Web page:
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News >  Nation/World

May marks month of global weather extremes

Macaque monkeys swim to beat the scorching heat Tuesday in Jaipur, India.
Macaque monkeys swim to beat the scorching heat Tuesday in Jaipur, India.
Seth Borenstein Associated Press

WASHINGTON – Even for a world getting used to wild weather, May seems stuck on strange.

Torrential downpours in Texas have whiplashed the region from drought to flooding. A heat wave has killed more than 1,800 people in India. Record 91-degree readings were recorded in Alaska, of all places. A pair of top-of-the-scale typhoons shook the Northwest Pacific. And a drought is taking hold in the East.

“Mother Nature keeps throwing us crazy stuff,” Rutgers University climate scientist Jennifer Francis said. “It’s just been one thing after another.”

Jerry Meehl, an extreme-weather expert at the National Center for Atmospheric Research, points out that May is usually a pretty extreme month, with lots of tornadoes and downpours. Even so, he said, this has been “kind of unusually intense.”

Francis, Meehl and other meteorologists said the jet stream is in a rut, not moving nasty weather along. The high-speed, constantly shifting river of air 30,000 feet above Earth normally guides storms around the globe, but sometimes splits and comes back together somewhere else.

A stuck jet stream, with a bit of a split, explains the extremes in Texas, India, Alaska and the U.S. East, but not the typhoons, Francis said.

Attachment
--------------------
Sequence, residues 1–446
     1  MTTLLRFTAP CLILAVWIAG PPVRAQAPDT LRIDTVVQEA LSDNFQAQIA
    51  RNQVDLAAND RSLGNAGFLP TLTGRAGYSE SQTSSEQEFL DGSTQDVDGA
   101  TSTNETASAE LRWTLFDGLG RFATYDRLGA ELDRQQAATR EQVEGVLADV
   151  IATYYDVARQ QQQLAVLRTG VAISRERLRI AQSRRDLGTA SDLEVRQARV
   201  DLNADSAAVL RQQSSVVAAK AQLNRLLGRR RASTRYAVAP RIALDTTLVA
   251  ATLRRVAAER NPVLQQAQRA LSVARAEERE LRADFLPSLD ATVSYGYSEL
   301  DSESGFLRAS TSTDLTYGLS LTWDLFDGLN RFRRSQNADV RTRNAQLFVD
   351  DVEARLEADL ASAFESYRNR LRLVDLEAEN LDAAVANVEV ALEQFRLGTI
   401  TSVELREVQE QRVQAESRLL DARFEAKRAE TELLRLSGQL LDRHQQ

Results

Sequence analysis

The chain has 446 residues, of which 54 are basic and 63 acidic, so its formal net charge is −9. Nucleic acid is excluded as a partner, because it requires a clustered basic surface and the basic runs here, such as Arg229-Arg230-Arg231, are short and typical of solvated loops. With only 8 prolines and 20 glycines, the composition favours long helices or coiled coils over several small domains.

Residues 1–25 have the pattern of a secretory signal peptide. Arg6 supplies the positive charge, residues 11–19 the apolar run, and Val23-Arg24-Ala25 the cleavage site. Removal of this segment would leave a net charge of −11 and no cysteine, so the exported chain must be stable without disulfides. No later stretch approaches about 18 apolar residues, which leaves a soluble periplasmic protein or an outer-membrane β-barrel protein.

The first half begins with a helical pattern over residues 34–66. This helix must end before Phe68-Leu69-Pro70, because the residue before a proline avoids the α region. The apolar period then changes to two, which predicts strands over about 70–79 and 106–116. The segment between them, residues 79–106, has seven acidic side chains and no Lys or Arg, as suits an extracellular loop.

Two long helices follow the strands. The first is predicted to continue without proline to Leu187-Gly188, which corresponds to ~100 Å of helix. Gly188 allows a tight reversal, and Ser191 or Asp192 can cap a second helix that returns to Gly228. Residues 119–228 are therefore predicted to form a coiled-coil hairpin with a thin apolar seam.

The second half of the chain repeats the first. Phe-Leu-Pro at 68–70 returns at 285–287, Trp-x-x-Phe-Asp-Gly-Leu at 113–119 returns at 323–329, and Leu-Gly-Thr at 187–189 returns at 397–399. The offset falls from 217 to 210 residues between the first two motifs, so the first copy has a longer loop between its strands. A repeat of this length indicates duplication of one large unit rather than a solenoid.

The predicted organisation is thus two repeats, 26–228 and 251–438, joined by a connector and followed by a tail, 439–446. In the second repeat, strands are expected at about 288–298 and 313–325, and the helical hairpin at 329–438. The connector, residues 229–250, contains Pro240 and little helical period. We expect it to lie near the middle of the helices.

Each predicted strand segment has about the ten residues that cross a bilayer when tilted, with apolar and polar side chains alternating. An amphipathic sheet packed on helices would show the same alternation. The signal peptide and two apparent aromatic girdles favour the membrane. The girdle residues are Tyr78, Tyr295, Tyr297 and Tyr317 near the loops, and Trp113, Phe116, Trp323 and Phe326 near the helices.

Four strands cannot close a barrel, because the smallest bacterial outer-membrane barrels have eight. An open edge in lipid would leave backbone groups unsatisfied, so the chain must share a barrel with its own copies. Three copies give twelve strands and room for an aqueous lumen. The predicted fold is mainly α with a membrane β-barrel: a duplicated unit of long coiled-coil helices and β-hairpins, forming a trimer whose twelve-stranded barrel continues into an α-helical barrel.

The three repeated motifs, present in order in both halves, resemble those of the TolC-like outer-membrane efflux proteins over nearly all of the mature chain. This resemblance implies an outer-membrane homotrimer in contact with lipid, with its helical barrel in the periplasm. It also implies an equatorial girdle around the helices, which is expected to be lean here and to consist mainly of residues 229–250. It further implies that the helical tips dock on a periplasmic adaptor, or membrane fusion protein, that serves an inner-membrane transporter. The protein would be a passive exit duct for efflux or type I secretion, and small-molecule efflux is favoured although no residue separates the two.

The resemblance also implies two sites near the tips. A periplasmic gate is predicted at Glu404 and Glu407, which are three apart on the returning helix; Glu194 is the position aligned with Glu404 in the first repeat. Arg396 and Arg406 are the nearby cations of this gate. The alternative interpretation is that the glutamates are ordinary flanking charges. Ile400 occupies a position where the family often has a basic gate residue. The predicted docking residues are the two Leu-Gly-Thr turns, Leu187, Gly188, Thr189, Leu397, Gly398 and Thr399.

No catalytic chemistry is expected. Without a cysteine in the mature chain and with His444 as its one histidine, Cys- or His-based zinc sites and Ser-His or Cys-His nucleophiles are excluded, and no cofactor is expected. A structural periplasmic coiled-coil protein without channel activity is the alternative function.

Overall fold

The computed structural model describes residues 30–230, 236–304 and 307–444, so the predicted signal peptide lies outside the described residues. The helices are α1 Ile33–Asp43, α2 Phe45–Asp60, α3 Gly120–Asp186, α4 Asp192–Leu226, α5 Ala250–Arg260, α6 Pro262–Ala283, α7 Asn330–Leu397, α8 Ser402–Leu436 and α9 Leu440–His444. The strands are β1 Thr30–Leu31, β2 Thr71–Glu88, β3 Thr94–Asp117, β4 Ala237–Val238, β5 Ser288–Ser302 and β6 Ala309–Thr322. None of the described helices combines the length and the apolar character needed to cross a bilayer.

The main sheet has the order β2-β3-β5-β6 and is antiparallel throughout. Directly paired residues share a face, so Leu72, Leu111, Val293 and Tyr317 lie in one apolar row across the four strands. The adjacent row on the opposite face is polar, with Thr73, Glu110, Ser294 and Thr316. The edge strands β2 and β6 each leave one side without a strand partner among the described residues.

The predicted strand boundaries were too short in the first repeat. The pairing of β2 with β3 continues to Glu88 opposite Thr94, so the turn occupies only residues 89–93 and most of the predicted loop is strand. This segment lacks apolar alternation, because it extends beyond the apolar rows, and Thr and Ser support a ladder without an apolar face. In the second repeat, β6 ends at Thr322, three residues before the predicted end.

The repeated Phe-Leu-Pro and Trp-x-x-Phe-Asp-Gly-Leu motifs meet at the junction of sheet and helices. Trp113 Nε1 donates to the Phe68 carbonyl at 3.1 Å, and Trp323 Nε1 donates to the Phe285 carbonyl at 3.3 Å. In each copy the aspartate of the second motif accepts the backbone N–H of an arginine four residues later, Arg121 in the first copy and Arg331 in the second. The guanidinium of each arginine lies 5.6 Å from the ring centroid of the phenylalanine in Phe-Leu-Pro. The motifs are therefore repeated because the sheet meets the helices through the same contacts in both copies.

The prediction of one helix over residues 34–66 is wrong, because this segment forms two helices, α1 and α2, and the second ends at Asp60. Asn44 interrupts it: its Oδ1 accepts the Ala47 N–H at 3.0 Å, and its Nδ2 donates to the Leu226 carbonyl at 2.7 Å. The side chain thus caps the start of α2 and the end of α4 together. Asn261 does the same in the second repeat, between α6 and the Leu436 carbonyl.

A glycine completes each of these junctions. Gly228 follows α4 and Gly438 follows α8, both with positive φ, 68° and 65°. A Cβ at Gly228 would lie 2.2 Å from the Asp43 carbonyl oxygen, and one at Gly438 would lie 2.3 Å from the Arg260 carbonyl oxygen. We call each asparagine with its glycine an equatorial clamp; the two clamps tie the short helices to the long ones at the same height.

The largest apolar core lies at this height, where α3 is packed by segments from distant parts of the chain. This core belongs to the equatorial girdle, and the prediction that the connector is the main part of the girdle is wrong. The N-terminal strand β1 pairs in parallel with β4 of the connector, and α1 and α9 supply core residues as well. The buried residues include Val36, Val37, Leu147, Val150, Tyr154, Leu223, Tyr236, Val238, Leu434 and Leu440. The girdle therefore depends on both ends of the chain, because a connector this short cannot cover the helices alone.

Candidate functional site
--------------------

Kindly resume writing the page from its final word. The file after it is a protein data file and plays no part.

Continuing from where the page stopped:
Other possible factors contributing to May’s wild weather: the periodic warming of the central Pacific known as El Nino, climate change and natural variability, scientists say.

Texas this month has received a record statewide average of 8 inches of rain and counting. Some parts of the Lone Star State and Oklahoma have gotten more than a foot and a half since May 1. The two states have gone from exceptional drought to flooding in just four weeks.

Texas state climatologist John Nielsen-Gammon attributes the heavy rainfall to an unusually southern fork in the jet stream, a stuck stationary front and El Nino, and said the downpours have probably been made slightly worse by climate change.

For every degree Celsius the air is warmer, it can hold 7 percent more moisture. That, Nielsen-Gammon said, “is supplying more juice to the event.”

While it is too early to connect one single event to man-made warming, scientific literature shows “that when it rains hard, it rains harder than it did 20 to 30 years ago,” said University of Georgia meteorology professor Marshall Shepherd.

The heat wave in India is the world’s fifth-deadliest since 1900, with reports of the 100-degree-plus heat even buckling roads. And it’s a consequence of the stuck jet stream, according to Francis and Weather Underground meteorology director Jeff Masters.

In the United States, New York and other major Northeast cities are flirting with setting monthly records for drought, he said.

El Nino is known to change the weather worldwide, often making it more extreme. This El Nino was long predicted, but came later and weaker than expected. So experts dialed back their forecasts. Then El Nino got stronger quickly.

Some scientists have theorized that the jet stream has been changing in recent years because of shrinking Arctic sea ice, an idea that has not totally been accepted but is gaining ground, Shepherd said.

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